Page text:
Veneman, Kass, Colicchio endorse chickens fed grocery food waste

Ann Veneman, an Agriculture secretary in Geore W. Bush administration; Sam Kass, the chef to the Obama family and nutrition policy adviser to President Obama; and Tom Colicchio, a prominent chef and restaurant owner, have all become associated with Do Good Foods, a company that will sell chicken from animals fed food waste from grocery stores, and endorsed the product the company calls carbon-reduced chicken.

Do Good Foods was started by the Kamine family, founders of the Bedminster, N.J.-based Kamine Development Corporation, which has built, owned and operated more than $3.5 billion in infrastructure for over 35 years.

Do Good is collecting food waste from 450 supermarkets and turning it into feed that is being consumed by chickens in a facility in Pennsylvania.

The chickens will be sold in grocery stores and in restaurants, including Colicchio’s.

Veneman, Kass and Colicchio all appeared in a December 7 live online roundtable with Matthew and Justin Kamine, the founders and managers of the company. It was held in New York and moderated by Danielle Nierenberg, the CEO of the Food Tank.

During the roundtable, the Kamine brothers pointed out that each year approximately 40% of the food grown in the United States goes to landfills where it emits methane gas, making it one of the largest contributors to climate change.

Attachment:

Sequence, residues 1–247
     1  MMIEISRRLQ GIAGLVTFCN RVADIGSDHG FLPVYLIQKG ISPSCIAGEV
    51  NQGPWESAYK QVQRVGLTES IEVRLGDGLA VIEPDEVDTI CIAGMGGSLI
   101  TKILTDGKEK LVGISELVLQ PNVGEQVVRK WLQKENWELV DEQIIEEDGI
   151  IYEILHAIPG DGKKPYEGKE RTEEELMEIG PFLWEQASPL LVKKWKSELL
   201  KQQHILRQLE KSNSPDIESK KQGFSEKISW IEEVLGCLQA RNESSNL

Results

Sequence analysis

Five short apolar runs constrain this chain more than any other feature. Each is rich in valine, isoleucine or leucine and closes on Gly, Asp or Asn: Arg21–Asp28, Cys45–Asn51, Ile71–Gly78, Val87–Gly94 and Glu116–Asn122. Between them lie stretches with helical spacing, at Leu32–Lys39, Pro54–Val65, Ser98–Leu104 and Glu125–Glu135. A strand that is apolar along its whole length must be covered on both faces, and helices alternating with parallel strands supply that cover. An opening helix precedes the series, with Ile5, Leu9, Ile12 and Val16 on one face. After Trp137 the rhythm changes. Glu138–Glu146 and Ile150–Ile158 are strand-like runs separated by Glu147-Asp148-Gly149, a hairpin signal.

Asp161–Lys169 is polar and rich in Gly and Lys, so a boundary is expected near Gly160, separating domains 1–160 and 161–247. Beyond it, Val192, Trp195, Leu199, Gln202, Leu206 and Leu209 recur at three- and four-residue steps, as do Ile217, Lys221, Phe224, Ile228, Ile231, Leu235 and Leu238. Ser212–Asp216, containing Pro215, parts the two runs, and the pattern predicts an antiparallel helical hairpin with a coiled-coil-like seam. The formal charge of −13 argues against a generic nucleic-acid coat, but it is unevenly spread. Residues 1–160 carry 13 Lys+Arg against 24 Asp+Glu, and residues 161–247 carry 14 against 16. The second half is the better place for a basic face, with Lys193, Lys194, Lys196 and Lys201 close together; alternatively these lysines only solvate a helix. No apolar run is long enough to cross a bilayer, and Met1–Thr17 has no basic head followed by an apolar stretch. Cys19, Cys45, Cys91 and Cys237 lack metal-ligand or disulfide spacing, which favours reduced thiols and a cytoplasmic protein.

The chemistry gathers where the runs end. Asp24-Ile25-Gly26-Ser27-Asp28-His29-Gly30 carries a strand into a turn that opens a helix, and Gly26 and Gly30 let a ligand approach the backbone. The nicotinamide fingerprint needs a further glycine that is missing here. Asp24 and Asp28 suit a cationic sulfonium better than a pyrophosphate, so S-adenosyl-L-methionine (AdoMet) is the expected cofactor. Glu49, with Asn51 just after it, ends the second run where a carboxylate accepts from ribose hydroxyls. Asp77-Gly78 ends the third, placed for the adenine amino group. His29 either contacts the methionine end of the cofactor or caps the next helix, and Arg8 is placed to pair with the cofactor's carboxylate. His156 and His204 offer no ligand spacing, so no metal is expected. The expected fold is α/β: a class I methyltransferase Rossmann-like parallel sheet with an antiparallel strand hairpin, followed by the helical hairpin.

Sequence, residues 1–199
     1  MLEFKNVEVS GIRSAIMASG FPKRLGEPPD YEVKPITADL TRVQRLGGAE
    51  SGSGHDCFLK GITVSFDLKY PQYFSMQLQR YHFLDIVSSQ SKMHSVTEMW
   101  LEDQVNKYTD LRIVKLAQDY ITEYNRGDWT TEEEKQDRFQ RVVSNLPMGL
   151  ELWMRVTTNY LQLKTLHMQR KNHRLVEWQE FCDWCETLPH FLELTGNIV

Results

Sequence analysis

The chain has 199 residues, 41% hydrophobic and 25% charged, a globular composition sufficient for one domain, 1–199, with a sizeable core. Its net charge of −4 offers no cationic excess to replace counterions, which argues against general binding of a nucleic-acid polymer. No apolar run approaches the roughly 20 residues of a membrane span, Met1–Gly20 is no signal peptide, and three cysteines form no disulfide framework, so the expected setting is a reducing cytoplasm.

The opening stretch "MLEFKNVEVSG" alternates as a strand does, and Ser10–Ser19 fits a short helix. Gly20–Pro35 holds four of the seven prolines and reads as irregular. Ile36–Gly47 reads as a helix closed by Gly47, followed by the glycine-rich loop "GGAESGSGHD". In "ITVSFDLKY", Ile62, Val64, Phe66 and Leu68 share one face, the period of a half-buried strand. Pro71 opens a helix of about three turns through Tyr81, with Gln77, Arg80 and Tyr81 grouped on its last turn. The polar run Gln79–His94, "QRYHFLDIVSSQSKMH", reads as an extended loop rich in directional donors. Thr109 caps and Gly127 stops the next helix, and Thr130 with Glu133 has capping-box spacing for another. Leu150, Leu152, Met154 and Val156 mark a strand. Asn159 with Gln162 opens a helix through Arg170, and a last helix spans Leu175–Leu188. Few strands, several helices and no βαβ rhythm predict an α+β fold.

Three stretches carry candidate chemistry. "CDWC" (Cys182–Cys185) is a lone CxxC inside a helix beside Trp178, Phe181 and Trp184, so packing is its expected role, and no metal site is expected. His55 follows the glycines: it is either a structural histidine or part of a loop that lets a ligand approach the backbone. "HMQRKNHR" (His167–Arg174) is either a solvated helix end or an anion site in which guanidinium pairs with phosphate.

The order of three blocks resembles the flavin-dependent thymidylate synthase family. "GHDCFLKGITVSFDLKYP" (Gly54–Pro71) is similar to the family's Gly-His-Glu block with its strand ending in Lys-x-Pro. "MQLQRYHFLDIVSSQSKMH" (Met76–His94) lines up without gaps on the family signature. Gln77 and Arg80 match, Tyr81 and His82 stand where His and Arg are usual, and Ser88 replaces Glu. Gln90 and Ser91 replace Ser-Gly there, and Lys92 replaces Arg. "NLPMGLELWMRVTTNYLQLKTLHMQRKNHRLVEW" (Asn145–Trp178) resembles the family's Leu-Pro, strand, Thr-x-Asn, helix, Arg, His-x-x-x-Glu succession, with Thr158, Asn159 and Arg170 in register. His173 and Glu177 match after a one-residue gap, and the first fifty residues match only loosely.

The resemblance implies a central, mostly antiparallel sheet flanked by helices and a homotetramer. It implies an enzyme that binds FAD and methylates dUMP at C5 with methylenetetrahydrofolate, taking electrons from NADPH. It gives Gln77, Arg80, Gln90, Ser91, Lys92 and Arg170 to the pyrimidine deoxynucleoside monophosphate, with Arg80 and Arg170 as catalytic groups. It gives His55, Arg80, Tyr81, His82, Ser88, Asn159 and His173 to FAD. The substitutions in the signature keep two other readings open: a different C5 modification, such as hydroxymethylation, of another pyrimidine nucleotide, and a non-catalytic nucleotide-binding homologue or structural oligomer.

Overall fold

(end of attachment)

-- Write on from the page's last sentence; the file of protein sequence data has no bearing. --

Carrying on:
Do Good Foods is “a closed-loop system that takes nutritious supermarket surplus such as fruits, vegetable and meat and upcycles them into high-quality animal feed,” the Kamine brothers said in a news release.

Veneman, who serves on the company’s advisory board, noted during the roundtable that the theme of the recent United Nations COP26 meeting in Scotland had been that there is too much talk and not enough action.

“With Do Good we are seeing the private sector step up and say we are going to figure out one of the solutions to food waste,” Veneman said. “This company is such a great example of stepping up and showing how it can be done.”

Kass, who serves as the company’s chief strategy officer, noted during the roundtable that the difference between Do Good, which is being run by a company with a history of business success, and other efforts to reduce food waste is “scaleability.”

“We see a clear path to solving the problem of retail food waste,” Kass said. “That is a big deal. We could really make a massive impact.”

Millenial and Generation Z consumers are “on fire” and are about half the food market, he said.

People don’t want to eat and drink without thinking about where the food came from and how it was raised, but they have busy lives and love what they eat, Kass said.

With Do Good, Kass said, the consumer can “buy a piece of chicken and have real impact.”

Colicchio said that he plans to serve Do Good chicken in his restaurants.

Noting that his grandparents “really valued food and didn’t throw away anything,” Colicchio said, “This is more than just a business. It is culturally important.”


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